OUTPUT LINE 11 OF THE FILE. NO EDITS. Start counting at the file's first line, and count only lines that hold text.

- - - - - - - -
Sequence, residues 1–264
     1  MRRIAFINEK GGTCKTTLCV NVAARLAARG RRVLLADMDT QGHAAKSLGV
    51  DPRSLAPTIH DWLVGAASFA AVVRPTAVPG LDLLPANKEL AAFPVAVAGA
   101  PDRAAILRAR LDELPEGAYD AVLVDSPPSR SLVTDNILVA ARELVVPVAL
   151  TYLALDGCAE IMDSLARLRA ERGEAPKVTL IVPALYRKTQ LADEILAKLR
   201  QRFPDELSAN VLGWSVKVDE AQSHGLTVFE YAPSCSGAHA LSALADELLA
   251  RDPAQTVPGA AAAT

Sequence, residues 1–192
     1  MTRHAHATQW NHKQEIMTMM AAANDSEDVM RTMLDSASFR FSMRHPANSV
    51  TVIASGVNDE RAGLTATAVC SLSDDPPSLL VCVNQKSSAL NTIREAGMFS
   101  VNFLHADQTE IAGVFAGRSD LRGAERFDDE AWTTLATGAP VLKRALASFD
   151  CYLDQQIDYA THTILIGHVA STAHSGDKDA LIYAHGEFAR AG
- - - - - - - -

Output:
   101  VNFLHADQTE IAGVFAGRSD LRGAERFDDE AWTTLATGAP VLKRALASFD